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Rudyville II: The Return of Frankenstein

Digger - January 26, 2016
Updated 02 February 2016
Updated 08 February 2016

In a letter to the editor of the Borrego Sun (01.14.2016), David Garmon, President of the Tubb Canyon Desert Conservancy, alerted the community to the resurrection of an ill-conceived project that most who knew of it at the time probably thought and certainly hoped had died eight years ago. Formally known as Borrego Country Club Estates but locally as "Rudyville," after Rudy Monica, one of the developers involved, (hereinafter The Project) it is rife with negative impacts for the community and the valley's fragile environment and poses a serious threat to efforts to bring the overdraft of Borrego Valley aquifer under control.

Garmon reports that on 3 December 2015, the County of San Diego issued a Notice of Preparation of an Environmental Impact Report for The Project to be "paid for with taxpayer money at the behest of the San Diego County Board of Supervisors. The EIR is a preliminary step toward approving a... change [in] the zoning of the 171-acre Rudyville parcel" to permit a 10-fold increase in housing density for the sole benefit of the developers. Significant, but not surprising, in this regard, Garmon points out that Monica's partner in The Project is Chris Brown, a former staff member of San Diego County Supervisor Bill Horn who represents Borrego Springs. Just business as usual at the County.

In his letter to the editor of the Borrego Sun, Garmon avers that "the proposed EIR cannot meet the requirements of the new [California] Sustainable Groundwater Management Act. because the regulations have not yet been promulgated." In a letter to the Office of County Counsel dated 17 December 2015, he elaborates on this assertion and the reasoning behind it.

Garmon reasons that:

Garmon concludes that it is therefore impossible to ensure that any land use decision is in compliance with SGMA and that it "would be a waste of taxpayer money to proceed with [an EIR] that cannot conform to current legal requirements under SGMA." He ends his letter with a request for "a written opinion by County Counsel on... requiring an adopted GSP before" beginning work on an EIR for Rudyville.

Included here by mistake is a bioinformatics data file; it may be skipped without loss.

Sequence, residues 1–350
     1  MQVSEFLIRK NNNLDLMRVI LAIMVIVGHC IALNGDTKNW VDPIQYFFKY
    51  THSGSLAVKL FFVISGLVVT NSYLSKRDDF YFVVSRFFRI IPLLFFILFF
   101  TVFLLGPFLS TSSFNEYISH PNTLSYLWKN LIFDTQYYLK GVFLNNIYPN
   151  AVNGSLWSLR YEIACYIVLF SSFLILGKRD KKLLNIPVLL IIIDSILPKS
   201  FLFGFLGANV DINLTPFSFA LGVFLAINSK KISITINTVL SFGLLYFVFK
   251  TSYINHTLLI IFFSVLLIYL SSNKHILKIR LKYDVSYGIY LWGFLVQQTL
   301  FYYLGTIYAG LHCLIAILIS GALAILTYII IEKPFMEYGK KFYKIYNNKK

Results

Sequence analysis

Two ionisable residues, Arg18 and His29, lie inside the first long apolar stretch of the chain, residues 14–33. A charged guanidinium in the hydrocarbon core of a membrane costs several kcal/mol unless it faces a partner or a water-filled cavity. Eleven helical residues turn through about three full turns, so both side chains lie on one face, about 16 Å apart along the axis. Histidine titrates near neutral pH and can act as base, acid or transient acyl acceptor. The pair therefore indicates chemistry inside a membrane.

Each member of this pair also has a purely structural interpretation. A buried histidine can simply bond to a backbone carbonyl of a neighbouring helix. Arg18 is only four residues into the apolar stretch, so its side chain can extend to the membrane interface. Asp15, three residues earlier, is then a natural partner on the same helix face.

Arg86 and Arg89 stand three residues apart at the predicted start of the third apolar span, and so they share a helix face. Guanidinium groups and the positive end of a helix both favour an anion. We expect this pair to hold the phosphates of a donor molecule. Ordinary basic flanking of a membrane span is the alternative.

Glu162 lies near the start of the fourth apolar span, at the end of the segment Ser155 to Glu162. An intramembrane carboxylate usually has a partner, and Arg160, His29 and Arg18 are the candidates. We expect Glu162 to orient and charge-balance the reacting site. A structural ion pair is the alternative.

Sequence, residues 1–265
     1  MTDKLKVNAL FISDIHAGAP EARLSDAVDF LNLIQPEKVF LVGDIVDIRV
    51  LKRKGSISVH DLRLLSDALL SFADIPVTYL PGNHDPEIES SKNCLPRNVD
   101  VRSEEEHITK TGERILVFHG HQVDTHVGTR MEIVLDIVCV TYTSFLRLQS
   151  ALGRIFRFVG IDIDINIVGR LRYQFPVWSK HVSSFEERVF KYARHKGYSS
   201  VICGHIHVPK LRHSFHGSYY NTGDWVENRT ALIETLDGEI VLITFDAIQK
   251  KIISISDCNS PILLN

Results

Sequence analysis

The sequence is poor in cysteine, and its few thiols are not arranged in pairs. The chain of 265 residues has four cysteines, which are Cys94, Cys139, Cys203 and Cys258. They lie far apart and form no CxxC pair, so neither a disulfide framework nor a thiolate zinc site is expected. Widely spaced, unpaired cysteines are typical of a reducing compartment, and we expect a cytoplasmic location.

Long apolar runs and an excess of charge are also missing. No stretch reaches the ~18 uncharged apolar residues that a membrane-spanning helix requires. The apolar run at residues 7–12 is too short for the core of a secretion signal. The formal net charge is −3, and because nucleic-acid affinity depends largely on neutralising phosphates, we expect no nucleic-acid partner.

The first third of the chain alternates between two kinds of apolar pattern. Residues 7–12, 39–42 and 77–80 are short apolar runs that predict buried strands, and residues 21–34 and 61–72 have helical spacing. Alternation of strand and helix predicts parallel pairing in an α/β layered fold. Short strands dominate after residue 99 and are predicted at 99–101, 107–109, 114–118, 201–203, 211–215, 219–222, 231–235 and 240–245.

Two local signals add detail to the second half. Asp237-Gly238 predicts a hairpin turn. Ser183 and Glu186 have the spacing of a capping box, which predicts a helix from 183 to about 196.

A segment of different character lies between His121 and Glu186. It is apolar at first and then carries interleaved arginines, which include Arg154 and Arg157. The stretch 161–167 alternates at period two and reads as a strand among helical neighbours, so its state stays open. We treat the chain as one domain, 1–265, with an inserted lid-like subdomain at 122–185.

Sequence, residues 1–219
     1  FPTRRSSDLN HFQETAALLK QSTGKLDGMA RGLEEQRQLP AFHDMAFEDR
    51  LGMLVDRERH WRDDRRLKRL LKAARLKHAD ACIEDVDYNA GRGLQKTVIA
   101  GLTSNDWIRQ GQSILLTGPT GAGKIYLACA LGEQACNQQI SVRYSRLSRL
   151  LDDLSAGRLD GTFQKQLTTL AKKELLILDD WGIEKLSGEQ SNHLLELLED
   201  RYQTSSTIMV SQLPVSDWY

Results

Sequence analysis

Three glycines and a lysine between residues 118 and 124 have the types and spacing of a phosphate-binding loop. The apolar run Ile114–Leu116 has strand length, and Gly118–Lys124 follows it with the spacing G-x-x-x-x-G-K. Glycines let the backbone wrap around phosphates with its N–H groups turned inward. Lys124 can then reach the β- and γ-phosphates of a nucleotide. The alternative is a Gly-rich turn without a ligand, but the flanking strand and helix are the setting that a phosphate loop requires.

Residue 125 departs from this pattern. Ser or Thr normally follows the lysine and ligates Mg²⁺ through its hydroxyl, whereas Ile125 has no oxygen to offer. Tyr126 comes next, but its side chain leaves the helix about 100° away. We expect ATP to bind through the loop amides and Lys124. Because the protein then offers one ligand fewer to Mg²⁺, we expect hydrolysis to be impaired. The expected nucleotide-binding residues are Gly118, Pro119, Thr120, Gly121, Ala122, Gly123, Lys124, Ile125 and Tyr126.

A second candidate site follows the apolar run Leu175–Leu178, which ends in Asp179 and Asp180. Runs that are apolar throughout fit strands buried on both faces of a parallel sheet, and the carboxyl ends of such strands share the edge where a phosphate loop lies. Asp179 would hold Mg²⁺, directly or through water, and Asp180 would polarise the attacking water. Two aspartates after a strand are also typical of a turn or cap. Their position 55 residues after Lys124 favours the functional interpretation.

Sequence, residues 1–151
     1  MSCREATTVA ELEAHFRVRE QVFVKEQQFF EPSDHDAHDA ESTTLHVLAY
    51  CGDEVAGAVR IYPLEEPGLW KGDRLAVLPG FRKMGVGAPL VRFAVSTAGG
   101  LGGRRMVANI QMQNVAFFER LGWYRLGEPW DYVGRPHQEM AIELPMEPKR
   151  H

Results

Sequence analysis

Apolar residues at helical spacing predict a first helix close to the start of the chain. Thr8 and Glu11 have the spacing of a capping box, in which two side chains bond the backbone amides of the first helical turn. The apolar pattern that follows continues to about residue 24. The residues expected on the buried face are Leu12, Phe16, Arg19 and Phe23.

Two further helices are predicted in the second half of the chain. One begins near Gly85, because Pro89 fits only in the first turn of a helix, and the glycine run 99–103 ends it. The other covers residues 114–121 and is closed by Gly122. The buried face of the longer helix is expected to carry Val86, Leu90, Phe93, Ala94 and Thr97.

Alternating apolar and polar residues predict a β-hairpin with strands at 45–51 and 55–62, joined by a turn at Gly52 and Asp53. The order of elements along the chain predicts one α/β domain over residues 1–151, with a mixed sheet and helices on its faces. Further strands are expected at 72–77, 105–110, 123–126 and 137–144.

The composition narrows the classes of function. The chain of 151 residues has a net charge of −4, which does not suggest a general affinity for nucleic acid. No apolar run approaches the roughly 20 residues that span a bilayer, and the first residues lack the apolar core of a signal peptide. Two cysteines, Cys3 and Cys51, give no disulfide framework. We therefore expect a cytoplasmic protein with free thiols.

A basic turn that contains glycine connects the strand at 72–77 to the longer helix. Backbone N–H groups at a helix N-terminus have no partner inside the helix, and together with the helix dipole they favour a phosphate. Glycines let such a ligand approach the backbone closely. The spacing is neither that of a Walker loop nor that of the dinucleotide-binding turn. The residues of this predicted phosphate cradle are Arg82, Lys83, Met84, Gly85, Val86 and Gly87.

Dan Falat, California State Parks' Colorado Desert District Superintendent wrote a letter to the County of San Diego Planning and Development Services expressing concern over the probable negative environmental impacts of The Project from "increased residential density" in close proximity to State Park lands. He enumerates specific concerns and asks the County "to reconsider increasing residential density and/or possible changes to... Land Use designation" for The Project. As well, Falat asks that he be kept informed as the planning and review process continues so that the State Parks can participate in it.

A communication from Lori Paul, also a member of the Tubb Canyon Desert Conservancy, offers additional perspective on the current effort to foist this unnecessary and diasterous project off on the unsuspecting populace of Borrego.

On 4 February 2016, the Tubb Canyon Desert Conservacy sent a detailed comment letter to the County of San Diego Planning and Development Services vigorously opposing proposed changes to the current San Diego County General Plan specifically to accomodate Rudyville.

And then there is the Borrego Water Distirct. In the agenda for the Regular Meeting of the District's Board of Directors on 27 January 2016, both Garmon's and Falat's letters to the County are mentioned as "Information Items" with no comment or amplification. No discussion of the Rudyville matter is scheduled and it appears that the Board is not contemplating any action on it. The one agency that should be leading the assualt on this affront evidently prefers, as usual, to sit on its hands and leave the heavy lifting to someone (anyone) else for fear of doing something that might cause a crack in the carefully constructed but fragile false-front of comity they have so painstakingly fabricated. Too bad. The Valley deserves a more vigorous defense from the nearest thing it has to local government - but it's obviously not going to get it from this lot.

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